Table 19-5. Summary of Existing Type-2 Process, a Proposed Type-1 Process, and a Proposed Hybrid Process. Further analysis of this table, together with the KC flowdowns of the two processes presented in Figure 19-31 and Figure 19-42, shows that, as expected,

Macintosh HD:Final book 16-19:Chapter 19 767 Case Study:Chapter_19.36i_767case.doc

9/ 22/ 03

56

the PKCs are the same because they are customer requirements. The AKCs are the same also, though this is not true in every case. The processes differ in the DFCs and the choice of features used to implement the AKCs. Proposed process #1 is a true Type-1 in the sense that all the assembly features are on the parts when they arrive at the assembly station. In proposed process #2, some of the assembly features are on the parts while others are given to the parts by tooling during assembly, a characteristic of Type-2 assembly processes. Comparison of the variation analysis results indicates that, while a pure Type-1 approach may be attractive, the required tolerances may not be economical to achieve. For this reason, proposed process #2 steps back from that ideal and implements some of the DFCs using hand tools and match drilling. The wingtip process described in [Swanstrom and Hawke] is achieved almost completely as a Type-1. It is considerably smaller than the 767 wing, so the tolerances are easier to achieve. Additionally, there are no skin gap PKCs. Instead, the main tolerance challenges on the winglet involve gaps that are filled by shims. In several cases, improved process control during part fabrication eliminated the need for shims while in others the size of the shim was predictable, avoiding the time-consuming process of peeling shims to suit the gap. 5. Economic Analysis 13 A business case analysis was done to determine a) how one should use economic analysis to determine if an investment in flexible assembly of the skin subassembly is justified and b) to see if it is justified in this case. The basis of the analysis was the following set of assumptions 1. The base case for comparison was the then-existing manual process (called as-is). 2. Two candidate automated flexible processes, described above, were compared to the base case. Each candidate is a concept comprising process steps, required mating features machined onto the parts, and various pieces of drilling and riveting equipment. 3. Only the 767 skin subassembly was studied in detail. Conclusions from this study were extrapolated to similar products made for other aircraft. a) Methodology The methodology involved assuming several production scenarios: some involve switching current business from manual to automated processing, while others assume that new business would arrive.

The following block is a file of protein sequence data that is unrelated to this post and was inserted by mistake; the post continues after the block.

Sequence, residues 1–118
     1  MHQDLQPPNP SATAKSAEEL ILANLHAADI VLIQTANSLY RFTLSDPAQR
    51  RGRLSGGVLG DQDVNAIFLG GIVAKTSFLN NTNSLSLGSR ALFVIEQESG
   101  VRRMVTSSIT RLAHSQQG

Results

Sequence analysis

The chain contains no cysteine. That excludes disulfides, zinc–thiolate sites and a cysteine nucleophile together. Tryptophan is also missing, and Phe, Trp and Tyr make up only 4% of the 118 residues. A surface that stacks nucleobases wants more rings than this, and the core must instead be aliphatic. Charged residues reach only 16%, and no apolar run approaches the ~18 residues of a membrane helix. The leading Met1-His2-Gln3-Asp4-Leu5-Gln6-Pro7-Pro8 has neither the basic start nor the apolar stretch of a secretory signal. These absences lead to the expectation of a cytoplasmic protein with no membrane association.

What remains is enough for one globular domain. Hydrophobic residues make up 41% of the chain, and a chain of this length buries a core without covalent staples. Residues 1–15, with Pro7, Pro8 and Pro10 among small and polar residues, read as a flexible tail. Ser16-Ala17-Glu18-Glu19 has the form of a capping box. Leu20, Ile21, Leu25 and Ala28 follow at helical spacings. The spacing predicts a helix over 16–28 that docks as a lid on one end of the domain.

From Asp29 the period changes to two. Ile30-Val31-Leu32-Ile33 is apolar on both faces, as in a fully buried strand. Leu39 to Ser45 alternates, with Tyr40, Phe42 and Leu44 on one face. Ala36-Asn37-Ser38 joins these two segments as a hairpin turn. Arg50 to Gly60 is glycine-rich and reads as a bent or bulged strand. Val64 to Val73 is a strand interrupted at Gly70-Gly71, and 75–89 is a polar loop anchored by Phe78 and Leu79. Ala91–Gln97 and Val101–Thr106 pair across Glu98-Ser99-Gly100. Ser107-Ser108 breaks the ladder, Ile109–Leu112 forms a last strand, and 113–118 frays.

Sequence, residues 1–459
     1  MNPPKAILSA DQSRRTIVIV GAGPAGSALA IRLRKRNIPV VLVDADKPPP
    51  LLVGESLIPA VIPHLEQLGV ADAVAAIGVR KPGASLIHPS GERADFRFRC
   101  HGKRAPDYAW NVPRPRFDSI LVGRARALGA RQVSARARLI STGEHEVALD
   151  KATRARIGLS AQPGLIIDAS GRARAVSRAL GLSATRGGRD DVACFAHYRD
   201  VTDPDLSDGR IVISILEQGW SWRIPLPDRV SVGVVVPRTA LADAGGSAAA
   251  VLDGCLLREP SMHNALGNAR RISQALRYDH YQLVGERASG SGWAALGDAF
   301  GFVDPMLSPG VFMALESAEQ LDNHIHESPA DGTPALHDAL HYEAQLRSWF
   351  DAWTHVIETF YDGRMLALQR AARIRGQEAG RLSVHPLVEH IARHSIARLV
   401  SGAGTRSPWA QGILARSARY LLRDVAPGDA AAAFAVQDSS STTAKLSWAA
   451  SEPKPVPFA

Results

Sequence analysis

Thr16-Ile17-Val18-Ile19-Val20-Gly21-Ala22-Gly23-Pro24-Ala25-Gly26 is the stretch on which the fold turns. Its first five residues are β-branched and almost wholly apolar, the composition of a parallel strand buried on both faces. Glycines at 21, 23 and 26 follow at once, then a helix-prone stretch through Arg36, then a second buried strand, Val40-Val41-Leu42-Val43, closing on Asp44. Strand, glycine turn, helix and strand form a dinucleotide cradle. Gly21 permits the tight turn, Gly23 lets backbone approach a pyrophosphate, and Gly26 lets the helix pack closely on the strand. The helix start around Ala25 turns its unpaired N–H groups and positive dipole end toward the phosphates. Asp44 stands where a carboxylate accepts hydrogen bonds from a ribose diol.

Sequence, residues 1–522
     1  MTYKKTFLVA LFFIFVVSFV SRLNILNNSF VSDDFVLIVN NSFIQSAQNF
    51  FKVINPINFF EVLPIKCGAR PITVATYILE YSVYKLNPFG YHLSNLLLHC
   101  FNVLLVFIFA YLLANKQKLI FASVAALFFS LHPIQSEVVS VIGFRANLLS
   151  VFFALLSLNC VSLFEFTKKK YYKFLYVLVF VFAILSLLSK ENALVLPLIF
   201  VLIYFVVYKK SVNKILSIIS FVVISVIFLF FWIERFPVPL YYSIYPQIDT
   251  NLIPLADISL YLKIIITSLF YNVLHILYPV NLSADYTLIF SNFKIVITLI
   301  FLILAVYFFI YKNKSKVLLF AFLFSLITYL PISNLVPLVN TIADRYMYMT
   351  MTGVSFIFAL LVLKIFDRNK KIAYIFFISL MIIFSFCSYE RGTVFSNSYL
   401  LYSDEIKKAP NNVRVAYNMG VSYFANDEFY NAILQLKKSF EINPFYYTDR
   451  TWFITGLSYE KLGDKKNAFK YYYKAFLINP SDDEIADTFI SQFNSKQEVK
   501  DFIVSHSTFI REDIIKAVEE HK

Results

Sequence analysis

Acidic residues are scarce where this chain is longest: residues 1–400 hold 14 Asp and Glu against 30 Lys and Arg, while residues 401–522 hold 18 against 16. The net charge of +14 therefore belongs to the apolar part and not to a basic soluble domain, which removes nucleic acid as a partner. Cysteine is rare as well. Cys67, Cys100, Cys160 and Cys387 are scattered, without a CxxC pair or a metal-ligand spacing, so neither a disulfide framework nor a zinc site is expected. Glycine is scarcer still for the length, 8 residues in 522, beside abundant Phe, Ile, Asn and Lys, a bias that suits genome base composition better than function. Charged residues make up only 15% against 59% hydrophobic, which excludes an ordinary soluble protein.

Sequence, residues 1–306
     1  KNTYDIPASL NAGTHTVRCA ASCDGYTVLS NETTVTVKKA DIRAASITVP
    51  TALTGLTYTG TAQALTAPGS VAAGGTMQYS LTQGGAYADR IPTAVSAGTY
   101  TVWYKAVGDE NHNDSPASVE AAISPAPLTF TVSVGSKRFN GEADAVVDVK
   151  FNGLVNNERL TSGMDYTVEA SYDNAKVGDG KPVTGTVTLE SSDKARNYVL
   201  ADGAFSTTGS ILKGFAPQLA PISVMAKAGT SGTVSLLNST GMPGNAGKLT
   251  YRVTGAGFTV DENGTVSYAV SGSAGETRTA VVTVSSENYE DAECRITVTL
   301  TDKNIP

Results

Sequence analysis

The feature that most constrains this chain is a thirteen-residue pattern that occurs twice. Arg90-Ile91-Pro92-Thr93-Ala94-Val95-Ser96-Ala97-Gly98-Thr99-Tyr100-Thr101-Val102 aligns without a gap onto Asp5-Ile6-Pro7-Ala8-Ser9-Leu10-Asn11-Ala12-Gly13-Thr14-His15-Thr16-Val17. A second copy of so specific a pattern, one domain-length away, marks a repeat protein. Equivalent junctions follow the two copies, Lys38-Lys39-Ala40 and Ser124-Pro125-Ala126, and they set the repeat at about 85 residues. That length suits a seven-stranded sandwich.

13

Material in this section is based on [Anderson].

Macintosh HD:Final book 16-19:Chapter 19 767 Case Study:Chapter_19.36i_767case.doc

9/ 22/ 03

57